3. Automobile production has only just begun to normalize around pre-pandemic levels.

We are beginning to see the effects of improved supply on the prices of used cars, but it is still very early days. Over time, we should see the effects spread to the prices of new cars, vehicle parts, and equipment, as well as services tied to rental, leasing, maintenance, repair, and insurance.

4. Construction cost indices are flattening after blowing out in 2021 and 2022. Throttled metals production in China drove up the price of key materials like steel and aluminum, exacerbating shortages. Those cost indices have been stabilizing over more recent quarters, allowing steady nominal construction spending growth to translate into improving real output now.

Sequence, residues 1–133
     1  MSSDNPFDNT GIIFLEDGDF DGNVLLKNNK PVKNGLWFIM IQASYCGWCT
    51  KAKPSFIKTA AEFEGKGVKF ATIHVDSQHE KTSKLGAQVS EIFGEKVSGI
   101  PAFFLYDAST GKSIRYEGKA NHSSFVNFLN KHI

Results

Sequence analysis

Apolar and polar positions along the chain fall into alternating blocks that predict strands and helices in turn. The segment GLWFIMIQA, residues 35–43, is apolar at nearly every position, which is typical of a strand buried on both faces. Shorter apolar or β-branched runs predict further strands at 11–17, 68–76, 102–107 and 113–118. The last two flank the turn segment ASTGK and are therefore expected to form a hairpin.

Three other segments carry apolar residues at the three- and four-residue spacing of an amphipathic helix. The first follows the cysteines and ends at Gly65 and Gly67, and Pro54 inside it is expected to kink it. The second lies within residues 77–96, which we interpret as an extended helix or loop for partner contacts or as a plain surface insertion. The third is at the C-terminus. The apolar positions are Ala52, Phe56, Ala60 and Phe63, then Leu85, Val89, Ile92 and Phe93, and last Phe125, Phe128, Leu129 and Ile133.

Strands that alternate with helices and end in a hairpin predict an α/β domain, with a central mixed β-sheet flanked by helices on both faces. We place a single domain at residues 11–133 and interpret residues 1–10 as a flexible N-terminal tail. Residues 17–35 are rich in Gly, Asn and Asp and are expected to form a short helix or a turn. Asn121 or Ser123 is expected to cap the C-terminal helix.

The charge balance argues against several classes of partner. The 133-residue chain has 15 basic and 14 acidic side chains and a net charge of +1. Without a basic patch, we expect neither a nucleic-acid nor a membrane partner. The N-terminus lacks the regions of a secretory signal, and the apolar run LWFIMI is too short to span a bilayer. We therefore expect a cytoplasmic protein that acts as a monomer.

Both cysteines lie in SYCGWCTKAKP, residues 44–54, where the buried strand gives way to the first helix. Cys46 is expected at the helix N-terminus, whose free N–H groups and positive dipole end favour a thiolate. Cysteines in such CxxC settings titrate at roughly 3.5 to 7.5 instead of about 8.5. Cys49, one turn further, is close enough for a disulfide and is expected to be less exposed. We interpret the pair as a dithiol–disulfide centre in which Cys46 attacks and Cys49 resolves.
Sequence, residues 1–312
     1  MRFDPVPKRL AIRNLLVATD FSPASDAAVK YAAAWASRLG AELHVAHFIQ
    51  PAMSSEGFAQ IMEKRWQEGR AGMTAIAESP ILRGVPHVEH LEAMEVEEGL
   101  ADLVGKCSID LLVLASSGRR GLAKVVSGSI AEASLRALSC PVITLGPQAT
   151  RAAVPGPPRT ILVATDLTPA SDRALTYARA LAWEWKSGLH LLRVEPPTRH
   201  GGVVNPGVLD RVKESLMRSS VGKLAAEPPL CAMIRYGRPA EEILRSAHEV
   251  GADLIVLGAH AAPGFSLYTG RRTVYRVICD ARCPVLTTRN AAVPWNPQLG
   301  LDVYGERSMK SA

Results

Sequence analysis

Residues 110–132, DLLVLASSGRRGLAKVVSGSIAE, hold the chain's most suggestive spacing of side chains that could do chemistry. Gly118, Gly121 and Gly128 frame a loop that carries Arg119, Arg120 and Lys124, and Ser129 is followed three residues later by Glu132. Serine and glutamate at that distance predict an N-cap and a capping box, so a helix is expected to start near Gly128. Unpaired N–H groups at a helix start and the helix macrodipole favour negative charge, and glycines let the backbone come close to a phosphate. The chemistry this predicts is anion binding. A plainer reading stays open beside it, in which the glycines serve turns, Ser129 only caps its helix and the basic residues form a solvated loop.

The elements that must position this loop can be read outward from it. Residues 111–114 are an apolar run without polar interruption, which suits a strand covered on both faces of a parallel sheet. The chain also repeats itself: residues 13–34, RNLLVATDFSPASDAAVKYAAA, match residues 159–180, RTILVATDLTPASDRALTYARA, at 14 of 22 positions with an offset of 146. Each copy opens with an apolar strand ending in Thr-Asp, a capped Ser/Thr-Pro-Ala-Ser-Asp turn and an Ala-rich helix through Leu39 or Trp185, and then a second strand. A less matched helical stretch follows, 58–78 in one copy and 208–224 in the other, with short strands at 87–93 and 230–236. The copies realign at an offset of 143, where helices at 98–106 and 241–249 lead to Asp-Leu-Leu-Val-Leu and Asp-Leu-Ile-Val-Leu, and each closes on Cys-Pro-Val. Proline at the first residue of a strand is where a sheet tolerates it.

The red line shows the nominal current-dollar spending rate for nonresidential construction. The blue line shows the inflation-adjusted measure of the red line. Real nonresidential construction output declined in 2021 and most of 2022 due to high inflation, only beginning its recovery in more recent quarters

The supply-oriented view of inflation has been conflated with the notion that it would have only the most short-lived effects on the inflation data and affect only a narrow subset of inflation and real output subcomponents. Adverse supply shocks compounded over the course of 18 months and many of the shortages that ensued remain unresolved even over two and a half years. Persistent supply shocks with broad-based inflationary impact are more feasible than otherwise appreciated.

The Right Role For Demand: Speed Limits